The Barn at the Willmarth Farm in Addison, Vermont is featured in a Houzz Tour: This Guesthouse’s Former Residents Were Horses, by Becky Harris. Link to Houzz >>
Please visit the Featured projects in our portfolio to see more of the Willmarth Farm Barn, House and Landscape.
Middlebury Barn Project is featured in Fine Homebuilding’s Blog “Through the Lens” by contributing photographer Susan Teare.
Located where hay wagons once entered the barn, the recessed porch provides an inviting entry. The new front door and sidelight can be covered with a sliding barn door made of old barn wood for privacy while a continuous transom window above lets light in. The rafters and slate roof are original to the structure; siding and windows are new. I shot three night images of this barn on one of the hottest days of summer. The sunset was spectacular and the barn glowed as the light left the sky.
Link to Fine Homebuilding’s Design Blog>>
Middlebury Barn Project is featured in Fine Homebuilding’s Design Blog “Through the Lens” by contributing photographer Susan Teare.
A Historic Vermont Barn Becomes a Contemporary Home
I scouted this barn renovation with the builder to plan for the shoot and I immediately felt at home. We entered through the garage, into the mudroom, up the stairs and then into an open main living space. The combination of the polished concrete flooring with the antique floors had a warm and contemporary feel. When I saw the main floor with the original timber frame contrasted with modern steel stairs and cable railings, I could see right away many great angles for photographs! The walls were reclaimed wood with salvage doors and dry wall next to new energy efficient windows. I shot the home a few weeks later and they are some of my favorite images taken this year.
Link to Fine Homebuilding’s Design Blog >>
Earlier this week I was fortunate to work with photographer Bob Schatz to shoot a recently completed project in Addison, Vermont. The photo above shows the front of the farmhouse and Bob behind the lens. The three photos below, taken by Bob, show the south and west sides of the recently renovated farmhouse, the renovated carriage barn and new landscaping including a lap pool.
A library, mudroom, laundry and pantry were at the top of my clients’ wish list. In this whole house renovation we created all those spaces and enhanced the master bedroom with a small fireplace. The exterior of the home got a face lift too including exterior insulation, new siding and timber framed porches.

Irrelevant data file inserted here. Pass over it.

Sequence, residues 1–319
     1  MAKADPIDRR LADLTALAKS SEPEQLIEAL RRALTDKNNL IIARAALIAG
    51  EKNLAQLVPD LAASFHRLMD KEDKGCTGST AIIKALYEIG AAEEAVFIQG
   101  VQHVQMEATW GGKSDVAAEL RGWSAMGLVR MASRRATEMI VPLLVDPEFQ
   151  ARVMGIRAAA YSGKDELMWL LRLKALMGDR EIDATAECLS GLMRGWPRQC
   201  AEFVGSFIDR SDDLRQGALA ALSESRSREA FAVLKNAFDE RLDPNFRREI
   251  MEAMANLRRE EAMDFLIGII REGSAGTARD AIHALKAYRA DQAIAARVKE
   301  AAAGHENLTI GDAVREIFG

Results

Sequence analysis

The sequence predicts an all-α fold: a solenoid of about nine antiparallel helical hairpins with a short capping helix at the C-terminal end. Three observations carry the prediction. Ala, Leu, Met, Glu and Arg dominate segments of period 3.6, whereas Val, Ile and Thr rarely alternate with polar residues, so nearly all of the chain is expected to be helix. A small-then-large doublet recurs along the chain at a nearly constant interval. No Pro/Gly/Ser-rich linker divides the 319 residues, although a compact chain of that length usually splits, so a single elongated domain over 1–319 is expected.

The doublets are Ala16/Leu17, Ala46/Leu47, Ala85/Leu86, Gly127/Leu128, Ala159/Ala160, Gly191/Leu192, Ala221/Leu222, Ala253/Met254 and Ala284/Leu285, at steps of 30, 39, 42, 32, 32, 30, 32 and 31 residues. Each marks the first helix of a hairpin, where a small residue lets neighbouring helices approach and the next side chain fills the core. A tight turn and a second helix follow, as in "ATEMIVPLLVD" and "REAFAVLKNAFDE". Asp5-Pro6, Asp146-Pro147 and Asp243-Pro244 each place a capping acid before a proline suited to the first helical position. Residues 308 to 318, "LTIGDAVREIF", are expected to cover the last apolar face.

New windows in the south-east corner of the kitchen and a soaring pent roof are among the many recent renovations at the Willmarth Farm in Addison, Vermont. These architectural interventions comprised of clean, modern lines complement the existing historic fabric.
I recently received the note below from a satisfied client:
Hi Wags, Joan, and Katie,
What a joy it was for us to be at the cottage this past summer with the new bunkhouse and renovated cottage! Each day, we appreciated the expanded space and observed the special touches and thoughtful details you all incorporated in your work. We again realized how fortunate we were to have the expertise, creativity, and vision of architect, builder, and landscaper who worked together to create such a delightful spot.
The two separate buildings worked so well and the beautiful stonework and landscaping brought them all together. (What good exercise it was to climb those steps several times a day!) We understand the fall has brought changing colors to many of the landscape plants.
The location has always been special to our family but now the renovated cottage and new bunkhouse will make it a comfortable and pleasant place to enjoy with family and friends for years to come.
Many thanks to you all – it was wonderful working with you.
Lynn & Bob
Once a seasonal rental property, this charming lakeside cottage now serves as a vacation home for a family of five. The property was in need of extensive renovation but its proximity to Lake Champlain made it worth the effort.
I am pleased to work with Dan Ober of Ober Woodworking on an English pub style renovation. Dan is building the hand carved, curved, Mahogany bar. This is not your average basement bar. Antique oak flooring and timbers, leaded glass windows and plaster walls complete the look. The in-home bar will serve as a gathering place for a large family.
On a recent visit to Ober Woodworking I learned about three ways to make curves in wood: coopering, laminating and band sawing. Dan used a technique called coopering to make curved panels for the base of the bar. He laminated 1/4″ thick layers of mahogany to create the the frames for the curved panels and used a band saw to cut the bar rail from solid mahogany stock. The bar also includes hand carved details at the column capitals and panels.
Interiors of the New Vermont Farmhouse appear below.